Training, Minimum Wages and the Earnings Distribution
Alison Booth () and
Mark Bryan ()
No 537, CEPR Discussion Papers from Centre for Economic Policy Research, Research School of Economics, Australian National University
In this paper we highlight the relevance of work-related training to the minimum wage debate. We initially situate training incidence within the broader picture of the earnings distribution in Britain and demonstrate that lower-paid workers are less likely than workers towards the top of the hourly wage distribution to receive work-related training. We then show that work-related training is potentially important from a distributional standpoint, since it significantly increases individuals’ longer-term earning prospects. Next we report empirical results indicating that the introduction in 1999 of a national minimum wage in Britain had a small but statistically significant positive effect on subsequent training incidence for affected workers. In conclusion, we note that the available empirical evidence for Britain shows that minimum wages (i) are associated with a small increase in work-related training for the low paid and (ii) have not adversely affected the employment of British workers. We therefore suggest that the minimum wage has the potential to reduce wages inequality in the longer-term provided that it continues to be set at a level that does not threaten employment. This potential arises not just because of the direct and obvious effect of a minimum wage in increasing wages at the bottom of the distribution, but also through its more indirect effect on work-related training.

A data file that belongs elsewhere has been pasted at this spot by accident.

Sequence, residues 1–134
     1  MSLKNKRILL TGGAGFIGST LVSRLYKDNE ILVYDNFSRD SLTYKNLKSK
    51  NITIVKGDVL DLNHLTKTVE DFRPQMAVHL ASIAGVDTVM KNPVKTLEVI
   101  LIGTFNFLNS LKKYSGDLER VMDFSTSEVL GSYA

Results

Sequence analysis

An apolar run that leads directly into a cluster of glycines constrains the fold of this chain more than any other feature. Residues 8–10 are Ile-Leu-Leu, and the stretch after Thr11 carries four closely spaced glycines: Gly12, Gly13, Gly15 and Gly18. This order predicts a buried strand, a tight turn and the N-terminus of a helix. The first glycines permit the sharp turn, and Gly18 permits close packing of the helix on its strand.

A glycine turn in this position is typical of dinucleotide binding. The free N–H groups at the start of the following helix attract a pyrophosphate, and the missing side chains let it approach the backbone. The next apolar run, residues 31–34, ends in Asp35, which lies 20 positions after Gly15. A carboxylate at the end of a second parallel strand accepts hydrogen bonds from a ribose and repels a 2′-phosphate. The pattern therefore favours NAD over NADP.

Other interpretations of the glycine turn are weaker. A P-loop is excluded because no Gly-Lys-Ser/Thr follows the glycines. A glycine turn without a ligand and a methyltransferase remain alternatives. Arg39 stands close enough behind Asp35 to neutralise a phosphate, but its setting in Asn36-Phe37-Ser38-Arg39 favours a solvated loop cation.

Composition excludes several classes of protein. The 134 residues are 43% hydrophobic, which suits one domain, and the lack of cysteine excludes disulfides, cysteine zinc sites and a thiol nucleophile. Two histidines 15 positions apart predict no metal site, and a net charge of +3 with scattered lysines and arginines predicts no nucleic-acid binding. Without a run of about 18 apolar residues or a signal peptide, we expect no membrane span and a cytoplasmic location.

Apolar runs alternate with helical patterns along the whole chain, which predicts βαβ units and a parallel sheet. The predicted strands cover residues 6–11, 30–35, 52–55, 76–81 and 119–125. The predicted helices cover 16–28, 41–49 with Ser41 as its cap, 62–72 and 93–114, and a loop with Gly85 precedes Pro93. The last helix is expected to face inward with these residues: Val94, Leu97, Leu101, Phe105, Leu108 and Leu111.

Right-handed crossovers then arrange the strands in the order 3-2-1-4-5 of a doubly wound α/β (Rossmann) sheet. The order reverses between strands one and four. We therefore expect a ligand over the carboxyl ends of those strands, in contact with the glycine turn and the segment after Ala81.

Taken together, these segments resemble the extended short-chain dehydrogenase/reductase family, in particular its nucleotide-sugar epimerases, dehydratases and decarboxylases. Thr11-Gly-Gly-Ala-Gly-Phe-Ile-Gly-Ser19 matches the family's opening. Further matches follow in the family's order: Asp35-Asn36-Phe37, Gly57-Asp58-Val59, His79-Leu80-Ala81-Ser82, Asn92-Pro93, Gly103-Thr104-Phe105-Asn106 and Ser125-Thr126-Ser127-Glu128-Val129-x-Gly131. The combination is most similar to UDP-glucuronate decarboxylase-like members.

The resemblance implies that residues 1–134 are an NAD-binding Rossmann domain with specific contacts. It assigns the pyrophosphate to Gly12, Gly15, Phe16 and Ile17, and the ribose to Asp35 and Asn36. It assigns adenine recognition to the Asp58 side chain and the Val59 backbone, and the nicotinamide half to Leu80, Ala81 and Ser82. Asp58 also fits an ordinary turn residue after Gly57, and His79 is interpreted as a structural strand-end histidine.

Keywords: work-related training; national minimum wage; earnings distribution (search for similar items in EconPapers)
JEL-codes: J24 J31 (search for similar items in EconPapers)
New Economics Papers: this item is included in nep-lab
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Persistent link: https://EconPapers.repec.org/RePEc:auu:dpaper:537
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